"You let me do it to you," Grandpa replied.  "Your image of yourself is weak.  Your will to dream is lacking.  My ability to shape the dreams around me is greater than your ability to even imagine your own self.  That's the problem -- you claim to be the hero of this story, a man who is an expert at dreaming...."

"I am an expert!" the girl exclaimed.  "I descended the seventy-seven steps down into the Dreaming Caverns of Fire and consulted with the priests that haunt that place, and from there I descended the seven hundred steps to the gates of deeper slumber, and passed through the Enchanted Palouse of the Zags.  I dare to cross the black impious gulfs from the dreamlands of earth to other dreamlands, where since time began only three human souls have dared to venture and return, and two of them were afterwards quite mad...."

"I don't know where you're getting your information, but I got news for you," said Grandpa.  "Unpossible Girl, Dark Dr. Dark, Circuit Girl, Guy Shadow and I were there only a month ago, and while I'll certainly admit that none of us are quite normal -- we ain't mad in the classical sense.  Look, Dorothy, it's really quite simple -- in dreamlands reality is what you make of it.  Nothing should be more concrete and fixed in your mind than your image of yourself, so if I can override it by imagining you're a little girl from Kansas, then you got a lot to learn.  Think of it as your first test.  When your image of yourself is stronger than my image of you, then you've passed.  Until then, you're whoever I say you are."

They paused before the temple that sat atop the hill, overlooking the town.  Here was said to dwell the prophet that they sought.  Grandpa grinned at the girl.  "Last chance to put your best foot forward, and appear as yourself before the prophet," he said.  "Give it a try!"

The girl frowned.  She concentrated.  Slowly her body began to morph and shift.  She grew even shorter.  Her hair exploded in a mass of golden curls, held back by a white bow.  The dress became solid blue, and fuller, with a ruffled white apron over it.  The dog in the basket likewise morphed into a strange cat with a wide grin.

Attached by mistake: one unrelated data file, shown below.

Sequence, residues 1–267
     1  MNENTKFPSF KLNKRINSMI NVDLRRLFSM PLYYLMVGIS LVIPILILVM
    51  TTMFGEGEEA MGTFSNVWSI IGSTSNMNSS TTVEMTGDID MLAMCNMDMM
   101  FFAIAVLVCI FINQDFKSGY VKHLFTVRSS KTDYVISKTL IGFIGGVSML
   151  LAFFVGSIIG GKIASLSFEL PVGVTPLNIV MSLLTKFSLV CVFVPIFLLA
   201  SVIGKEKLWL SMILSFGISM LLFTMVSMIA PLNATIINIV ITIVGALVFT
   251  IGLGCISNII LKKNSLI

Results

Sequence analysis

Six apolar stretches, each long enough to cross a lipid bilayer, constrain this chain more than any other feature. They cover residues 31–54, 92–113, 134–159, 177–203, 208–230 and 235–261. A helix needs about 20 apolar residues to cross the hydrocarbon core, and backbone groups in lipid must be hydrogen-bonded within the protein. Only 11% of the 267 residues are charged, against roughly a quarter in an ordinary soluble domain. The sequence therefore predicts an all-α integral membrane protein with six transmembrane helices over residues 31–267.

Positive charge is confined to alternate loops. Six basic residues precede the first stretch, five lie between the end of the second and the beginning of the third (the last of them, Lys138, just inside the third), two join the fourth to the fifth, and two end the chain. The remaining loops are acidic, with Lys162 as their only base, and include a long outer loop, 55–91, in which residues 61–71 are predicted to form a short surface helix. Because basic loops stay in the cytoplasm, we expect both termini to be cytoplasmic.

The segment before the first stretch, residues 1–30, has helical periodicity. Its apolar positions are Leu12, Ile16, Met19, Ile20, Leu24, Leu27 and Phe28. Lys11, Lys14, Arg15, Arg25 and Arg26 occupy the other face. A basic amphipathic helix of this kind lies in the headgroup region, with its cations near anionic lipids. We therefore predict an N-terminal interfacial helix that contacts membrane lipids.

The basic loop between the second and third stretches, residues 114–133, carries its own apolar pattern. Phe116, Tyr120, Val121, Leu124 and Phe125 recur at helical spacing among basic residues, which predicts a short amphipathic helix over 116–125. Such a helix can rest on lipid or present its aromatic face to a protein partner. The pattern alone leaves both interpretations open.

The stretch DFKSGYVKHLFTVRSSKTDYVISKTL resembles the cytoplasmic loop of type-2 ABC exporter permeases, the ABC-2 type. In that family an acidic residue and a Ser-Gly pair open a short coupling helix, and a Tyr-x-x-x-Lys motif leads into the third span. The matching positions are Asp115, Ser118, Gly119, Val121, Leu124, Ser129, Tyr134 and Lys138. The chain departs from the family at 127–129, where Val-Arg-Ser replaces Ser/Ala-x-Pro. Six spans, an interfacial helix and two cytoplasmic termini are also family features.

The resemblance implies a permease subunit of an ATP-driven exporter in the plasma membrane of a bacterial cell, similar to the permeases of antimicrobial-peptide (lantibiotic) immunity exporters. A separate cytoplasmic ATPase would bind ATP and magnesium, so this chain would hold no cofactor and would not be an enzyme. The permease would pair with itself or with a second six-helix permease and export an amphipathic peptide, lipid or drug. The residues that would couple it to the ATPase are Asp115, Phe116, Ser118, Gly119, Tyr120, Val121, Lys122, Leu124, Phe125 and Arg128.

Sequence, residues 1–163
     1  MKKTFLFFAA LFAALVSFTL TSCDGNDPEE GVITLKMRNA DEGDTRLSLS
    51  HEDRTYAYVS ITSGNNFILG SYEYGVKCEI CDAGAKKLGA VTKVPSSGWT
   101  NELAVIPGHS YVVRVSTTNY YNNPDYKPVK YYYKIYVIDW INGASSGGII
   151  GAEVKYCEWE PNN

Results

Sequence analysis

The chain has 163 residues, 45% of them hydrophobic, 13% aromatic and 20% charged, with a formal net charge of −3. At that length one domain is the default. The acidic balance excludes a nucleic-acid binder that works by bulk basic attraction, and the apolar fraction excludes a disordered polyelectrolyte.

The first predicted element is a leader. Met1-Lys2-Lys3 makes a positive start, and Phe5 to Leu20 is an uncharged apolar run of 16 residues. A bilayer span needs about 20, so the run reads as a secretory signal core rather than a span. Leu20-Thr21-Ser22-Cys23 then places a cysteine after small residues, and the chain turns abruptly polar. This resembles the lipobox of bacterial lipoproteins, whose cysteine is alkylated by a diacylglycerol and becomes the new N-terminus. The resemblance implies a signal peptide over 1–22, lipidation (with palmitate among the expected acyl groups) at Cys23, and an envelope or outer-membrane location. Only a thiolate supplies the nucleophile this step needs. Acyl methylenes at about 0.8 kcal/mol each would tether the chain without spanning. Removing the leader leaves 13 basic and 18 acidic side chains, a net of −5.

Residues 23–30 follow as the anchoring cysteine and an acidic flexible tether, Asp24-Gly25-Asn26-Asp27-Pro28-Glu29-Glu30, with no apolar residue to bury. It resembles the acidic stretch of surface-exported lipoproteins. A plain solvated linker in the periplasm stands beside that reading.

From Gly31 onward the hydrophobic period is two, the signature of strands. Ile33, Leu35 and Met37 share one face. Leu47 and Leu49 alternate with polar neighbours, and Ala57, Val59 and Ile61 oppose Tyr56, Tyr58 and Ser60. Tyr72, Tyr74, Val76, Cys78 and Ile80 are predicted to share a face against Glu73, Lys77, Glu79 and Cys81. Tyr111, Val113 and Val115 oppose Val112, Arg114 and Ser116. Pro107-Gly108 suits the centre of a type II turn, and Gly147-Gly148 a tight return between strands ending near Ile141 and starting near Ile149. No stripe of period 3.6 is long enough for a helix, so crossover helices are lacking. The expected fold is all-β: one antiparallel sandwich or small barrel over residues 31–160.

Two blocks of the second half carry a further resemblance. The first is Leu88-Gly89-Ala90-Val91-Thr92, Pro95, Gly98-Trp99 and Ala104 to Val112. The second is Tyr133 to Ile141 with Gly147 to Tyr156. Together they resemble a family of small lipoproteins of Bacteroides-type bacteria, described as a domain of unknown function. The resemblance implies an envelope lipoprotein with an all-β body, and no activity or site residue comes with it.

"Alice in Wonderland," said Grandpa Anarchy, "and her Cheshire Cat.  Seems more appropriate for a city of cats, don'tcha think?  Now, let's see what this famous Prophet Hadacol has to say to us."

They found the great Prophet Hadacol seated on an ivory dais in a shrine in the center of the temple.  He appeared to be a very old man, but with a sharp mind.  He smiled when he saw them, and at Carter-as-Alice he said, "My, what a lovely little girl-child, with your golden curls and your enchanting outfit!  Long has it been since such a vision of purity and innocence graced this temple!"

"Bite me," the girl replied.

Grandpa quickly said, "Forgive my foolish companion, your excellence.  We seek your aid in locating a fabled city that this girl has seen thrice in dreams -- only she wasn't a little girl at the time, you understand.  You wouldn't happen to know where this place is, or how to get in touch with the unknown gods who provided the original vision, would ya?"

The prophet closed his eyes and sat in silence for a minute.

"The gods do not wish to speak with mortals," he said.  "Especially bratty little tykes who don't respect their elders...."

"Hey!" the girl exclaimed.  "My name is Charles Carter and I'm a man!  This man is Grandpa Anarchy, and it's his fault that I look like this, and...."

Hadacol held up his hand.  "I know your circumstances, child," he said.  "Mr. Anarchy has chosen your form well, for if you cannot imagine yourself other than how he imagines you, then you are indeed a child in the ways of dreaming.  In any case, what I said is true:  the unknown gods removed these dreams from you for a reason.  To seek them out or to seek that which they have hidden from you is a dangerous path to  tread.  I will not aid you in it."

He paused, then lifted a small brown vial and added, "But could I interest you in some of my herbal vitamin supplement?  It's guaranteed to cure whatever ails you!  Only five dreambucks a bottle!"  He grinned and waggled his eyebrows.

Grandpa Anarchy and Alice withdrew a ways.  Alice said, "Mister Anarchy, I have a plan.  What you need to do is invite the prophet to drink.  Ply him with this Moon Wine which I was given as a gift by the Zags.  When he is drunk, he may reveal to us that which he now hides."

"I don't drink," Grandpa replied.  "Besides, I got a better plan...."

He turned, marched up to the prophet, and punched him in the face, knocking him off the dais.  Grandpa hauled him up by the collar of his silken robes and raised his fist.  "Now," he said, "are you going to tell us how to find these unknown gods, or am I gonna have to make a sacrifice here and now to the God of Fisticuffs?"